2nd Annual Suffolk Mystery Authors Festival a Success

The 2nd Annual Suffolk Mystery Authors Festival was held Saturday, August 22nd, at the Suffolk Center for Cultural Arts. Hundreds of people attended the event to meet the authors and purchase signed copies of their books, listen to readings from the authors themselves, hear writers’ firsthand experiences during moderated panels, and learn from experts about the topics of publishing and writing. For a video featuring clips from the event, click here.

Mystery by the Sea members were on hand at the festival to sign copies of the group’s latest anthology, Virginia is for Mysteries. Check out some photos from the event, taken by group member Ken Wingate.

Book Signing 1

An eager reader waits for Maria Hudgins to sign her copy of the Virginia is for Mysteries anthology.

The festival offered numerous moderated panels and workshops, including two hosted by Mystery by the Sea members. Group members took part in the workshop entitled How Do I Get Published?, which focused on ways authors can market their work, build their platforms, and handle social media. Another workshop held during the festival explained how to piece together all the parts of a murder mystery. Aptly titled Anatomy of a Mystery, the workshop was led by Mystery by the Sea members Jayne Ormerod, CB Lane, and Yvonne Saxon.

From left to right: CB Lane, Jayne Ormerod, and Yvonne Saxon.

From left to right: CB Lane, Jayne Ormerod, and Yvonne Saxon.

Anatomy of a Murder featured special guest Jane Bones. Jane modeled all of the elements that go into a murder mystery novel and how they help the sleuth solve the mystery and reveal the killer.

Jayne Ormerod, right, goes over the keys to great mystery writing, as modeled by Jane Bones.

Jayne Ormerod, right, goes over the keys to great mystery writing, as modeled by Jane Bones.


Road Trip! Join us in Suffolk for the 2nd Annual Mystery Authors Festival


Mystery by the Sea will not be holding its usual meeting in August. Instead, the group will be attending the 2nd Annual Suffolk Mystery Authors Festival on Saturday, August 22, at the Suffolk Center for Cultural Arts.

The event runs from 1 to 6 p.m. and is free and open to the public. The day of books and fun will include book signings, readings by the authors themselves, and workshops, including one entitled “How Do I Get Published?” that will be led by Mystery by the Sea members as they talk about what it takes to compile and publish an anthology, based on their experiences putting together Virginia is for Mysteries.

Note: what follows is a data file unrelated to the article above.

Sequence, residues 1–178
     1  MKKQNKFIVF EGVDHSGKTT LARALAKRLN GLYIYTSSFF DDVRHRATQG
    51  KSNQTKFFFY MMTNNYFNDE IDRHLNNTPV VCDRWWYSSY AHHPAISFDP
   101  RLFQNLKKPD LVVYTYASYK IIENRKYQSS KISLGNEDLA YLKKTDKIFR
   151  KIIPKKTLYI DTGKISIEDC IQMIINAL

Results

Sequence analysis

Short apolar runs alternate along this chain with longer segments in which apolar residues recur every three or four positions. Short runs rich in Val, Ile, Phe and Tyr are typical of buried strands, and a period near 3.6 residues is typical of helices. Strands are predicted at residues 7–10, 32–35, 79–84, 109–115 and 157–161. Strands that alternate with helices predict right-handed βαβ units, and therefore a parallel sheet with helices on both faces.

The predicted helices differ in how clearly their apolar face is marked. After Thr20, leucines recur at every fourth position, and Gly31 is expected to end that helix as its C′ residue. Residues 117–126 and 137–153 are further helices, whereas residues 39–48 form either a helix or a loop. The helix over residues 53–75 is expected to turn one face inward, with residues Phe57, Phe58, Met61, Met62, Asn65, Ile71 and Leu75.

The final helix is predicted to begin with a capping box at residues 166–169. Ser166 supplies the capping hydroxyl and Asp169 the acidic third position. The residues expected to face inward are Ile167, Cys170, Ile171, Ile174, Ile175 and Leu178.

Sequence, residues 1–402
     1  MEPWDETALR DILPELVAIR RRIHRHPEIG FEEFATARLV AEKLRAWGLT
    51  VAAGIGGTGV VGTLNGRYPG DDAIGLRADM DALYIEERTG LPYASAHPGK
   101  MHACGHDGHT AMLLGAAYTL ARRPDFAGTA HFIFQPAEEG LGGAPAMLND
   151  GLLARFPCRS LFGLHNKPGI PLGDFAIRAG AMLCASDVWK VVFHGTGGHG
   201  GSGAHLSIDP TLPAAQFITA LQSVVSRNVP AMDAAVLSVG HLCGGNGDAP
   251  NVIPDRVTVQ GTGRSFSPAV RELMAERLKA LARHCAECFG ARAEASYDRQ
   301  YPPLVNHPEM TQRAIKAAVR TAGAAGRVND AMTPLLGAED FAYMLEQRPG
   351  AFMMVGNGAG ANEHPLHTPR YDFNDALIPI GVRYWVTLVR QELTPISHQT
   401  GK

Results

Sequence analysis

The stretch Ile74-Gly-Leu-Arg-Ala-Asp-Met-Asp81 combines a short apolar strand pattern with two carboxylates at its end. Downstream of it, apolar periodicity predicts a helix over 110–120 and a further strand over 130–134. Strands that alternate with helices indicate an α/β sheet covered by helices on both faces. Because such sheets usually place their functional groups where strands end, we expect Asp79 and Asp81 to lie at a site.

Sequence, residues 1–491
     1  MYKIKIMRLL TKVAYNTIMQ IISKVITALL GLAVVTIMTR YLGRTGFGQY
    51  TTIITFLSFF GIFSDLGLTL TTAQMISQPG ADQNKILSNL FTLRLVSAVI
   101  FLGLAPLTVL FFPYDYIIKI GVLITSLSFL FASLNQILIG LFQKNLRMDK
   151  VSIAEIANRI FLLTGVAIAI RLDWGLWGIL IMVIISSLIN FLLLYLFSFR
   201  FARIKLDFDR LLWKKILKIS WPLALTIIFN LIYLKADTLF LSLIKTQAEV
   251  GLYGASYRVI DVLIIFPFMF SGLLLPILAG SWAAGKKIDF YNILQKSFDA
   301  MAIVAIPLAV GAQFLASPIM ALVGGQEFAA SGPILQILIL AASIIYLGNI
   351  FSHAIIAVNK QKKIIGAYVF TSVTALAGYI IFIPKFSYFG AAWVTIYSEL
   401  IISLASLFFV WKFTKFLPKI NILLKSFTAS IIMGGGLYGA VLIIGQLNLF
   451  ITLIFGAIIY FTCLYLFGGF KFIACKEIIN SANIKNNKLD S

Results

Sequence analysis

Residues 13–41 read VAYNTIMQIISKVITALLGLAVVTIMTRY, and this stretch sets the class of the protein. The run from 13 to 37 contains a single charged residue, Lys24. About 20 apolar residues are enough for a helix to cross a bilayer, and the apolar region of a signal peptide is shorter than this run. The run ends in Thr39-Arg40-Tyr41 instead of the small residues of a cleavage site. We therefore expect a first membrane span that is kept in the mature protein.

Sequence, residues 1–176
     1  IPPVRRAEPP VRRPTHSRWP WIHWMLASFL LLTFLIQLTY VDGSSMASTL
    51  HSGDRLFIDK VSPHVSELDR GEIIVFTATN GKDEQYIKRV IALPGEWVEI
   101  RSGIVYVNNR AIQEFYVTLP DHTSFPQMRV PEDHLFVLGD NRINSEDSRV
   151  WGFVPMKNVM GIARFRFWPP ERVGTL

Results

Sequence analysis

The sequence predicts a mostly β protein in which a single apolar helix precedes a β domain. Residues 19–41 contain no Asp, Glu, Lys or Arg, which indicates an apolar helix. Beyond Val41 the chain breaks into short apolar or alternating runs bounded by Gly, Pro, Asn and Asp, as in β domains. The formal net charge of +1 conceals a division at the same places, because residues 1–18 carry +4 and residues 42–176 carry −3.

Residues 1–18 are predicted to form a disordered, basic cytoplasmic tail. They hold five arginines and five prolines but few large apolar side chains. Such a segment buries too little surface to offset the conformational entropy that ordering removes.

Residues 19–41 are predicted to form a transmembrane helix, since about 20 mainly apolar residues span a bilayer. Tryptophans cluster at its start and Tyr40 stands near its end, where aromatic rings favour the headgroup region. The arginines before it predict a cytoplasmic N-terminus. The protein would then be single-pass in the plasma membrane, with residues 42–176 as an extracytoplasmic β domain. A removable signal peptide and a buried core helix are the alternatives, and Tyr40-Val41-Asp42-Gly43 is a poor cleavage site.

For up-to-the-minute information about the 2nd Annual Suffolk Mystery Authors Festival, click here to follow them on Facebook.

See you in Suffolk!

Using Social Media to Connect Writers with Readers

social media treeSocial media for writers was the topic at Mystery by the Sea’s July meeting. Group president Teresa Inge led a discussion about what writers should – and should not – do on their social media accounts. Here are some of her suggestions:

  1. Use social media to get your name out there and to get people buzzing about your work. Social media sites like Facebook, Twitter, and Tumblr are all great online platforms for writers to use.
  2. Connect with your readers one-on-one through the social media sites of your choice. Don’t be shy! In addition to liking and commenting on what others post, create original content of your own to keep your followers interested and engaged in a conversation. Be sure to write about upcoming book signings, book launches, and other events, but also provide your followers with content that isn’t centered on you or your work.
  3. Strike a friendly tone. When promoting your work, don’t express extreme opinions that may upset or alienate readers. Everyone has a bad day from time to time, but constantly griping on social media may not entice readers to pick up your books. Strive for posts with a fun, professional tone.
  4. Find other writers. Use social media to follow and engage with your fellow writers to keep up with industry trends and publishing opportunities. Be courteous and don’t post announcements about your work on other writers’ social media sites. Use the golden rule for the 21st century: If you wouldn’t want someone adding certain content to your site, don’t add it to theirs.
  5. Keep it up! Neglected social media accounts make you and your brand look bad. Before taking the plunge, make sure you have the time and content to contribute to your social media sites on a regular basis. Posting interesting, relevant content often will keep your followers coming back for more.

July Meeting Will Focus on Social Media Tips for Writers

mouseclickBugged by your blog? Tormented by Twitter? Join Mystery by the Sea on Monday, July 13th, as we discuss how writers can use social media to promote their work, connect with readers, and interact with other writers.